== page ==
UNITED STATES NEWS

Alabama Supreme Court rules frozen embryos are ‘children’ under state law

Feb 20, 2024, 9:19 AM | Updated: 11:44 am

MONTGOMERY, Ala. (AP) — The Alabama Supreme Court has ruled that frozen embryos can be considered children under state law, a ruling critics said could have sweeping implications for fertility treatments.

anti-abortion language in the Alabama Constitution, ruled that an 1872 state law allowing parents to sue over the death of a minor child “applies to all unborn children, regardless of their location.”

“Unborn children are ‘children’ … without exception based on developmental stage, physical location, or any other ancillary characteristics,” Justice Jay Mitchell wrote in the majority ruling Friday from the all-Republican court.

Mitchell said the court had previously ruled that fetuses killed while a woman is pregnant are covered under Alabama’s Wrongful Death of a Minor Act and nothing excludes “extrauterine children from the Act’s coverage.”

The ruling brought a rush of warnings about the potential impact on fertility treatments and the freezing of embryos, which had previously been considered property by the courts.

“This ruling is stating that a fertilized egg, which is a clump of cells, is now a person. It really puts into question, the practice of IVF,” Barbara Collura, CEO of RESOLVE: The National Infertility Association, said in an interview Tuesday. The group called the decision a “terrifying development for the 1 in 6 people impacted by infertility” who need in-vitro fertilization.

She said it raises a number of questions for providers and patients, including if they can freeze future embryos created during fertility treatment or if patients could ever donate or destroy unused embryos.

The plaintiffs in the Alabama case had undergone IVF treatments that led to the creation of several embryos, some of which were implanted and resulted in healthy births. The couples had paid to keep others frozen in a storage facility at the Mobile Infirmary Medical Center. A patient in 2020 wandered into the area and removed several embryos, dropping them on the floor and “killing them,” the ruling said.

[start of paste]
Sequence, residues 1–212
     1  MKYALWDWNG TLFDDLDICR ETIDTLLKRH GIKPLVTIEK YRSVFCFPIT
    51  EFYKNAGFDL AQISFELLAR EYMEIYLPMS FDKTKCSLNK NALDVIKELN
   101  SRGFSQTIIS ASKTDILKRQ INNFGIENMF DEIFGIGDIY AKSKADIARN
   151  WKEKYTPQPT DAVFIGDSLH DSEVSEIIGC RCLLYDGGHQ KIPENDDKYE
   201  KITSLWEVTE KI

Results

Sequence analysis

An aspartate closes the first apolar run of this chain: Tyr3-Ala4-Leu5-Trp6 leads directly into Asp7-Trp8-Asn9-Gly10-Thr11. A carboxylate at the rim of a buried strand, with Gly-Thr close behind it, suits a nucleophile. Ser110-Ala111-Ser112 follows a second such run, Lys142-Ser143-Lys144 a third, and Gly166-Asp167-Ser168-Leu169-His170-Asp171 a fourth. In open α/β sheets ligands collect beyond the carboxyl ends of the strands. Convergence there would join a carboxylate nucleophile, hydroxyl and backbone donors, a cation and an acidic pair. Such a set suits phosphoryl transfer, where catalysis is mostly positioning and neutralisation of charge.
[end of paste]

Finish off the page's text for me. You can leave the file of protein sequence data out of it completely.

The justices ruled that wrongful death lawsuits by the couples could proceed.

An anti-abortion group cheered the decision. “Each person, from the tiniest embryo to an elder nearing the end of his life, has incalculable value that deserves and is guaranteed legal protection,” Lila Rose, president and founder of Live Action said in a statement.

Chief Justice Tom Parker issued a concurring opinion that quoted the Bible as he discussed the meaning of the phrase “the sanctity of unborn life” in the Alabama Constitution.

“Even before birth, all human beings bear the image of God, and their lives cannot be destroyed without effacing his glory,” Parker said.

Justice Greg Cook, who filed the only full dissent to the majority opinion, said the 1872 law did not define “minor child” and was being stretched from the original intent to cover frozen embryos.

“Moreover, there are other significant reasons to be concerned about the main opinion’s holding. No court — anywhere in the country — has reached the conclusion the main opinion reaches,” he wrote, adding the ruling “almost certainly ends the creation of frozen embryos through in vitro fertilization (IVF) in Alabama.”

The Alabama Supreme Court decision partly hinged on anti-abortion language added to the Alabama Constitution in 2018, stating that it is the “public policy of this state to ensure the protection of the rights of the unborn child.”

Supporters at the time said it would “be a declaration of voters’ beliefs” and would have no impact unless states gain more control over abortion access. States gained control of abortion access in 2022. Critics at the time said it would have broad ramifications for civil and criminal law beyond abortion access and that it was essentially a “personhood” measure that would establish constitutional rights for fertilized eggs.

United States News

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Alabama Supreme Court rules frozen embryos are ‘children’ under state law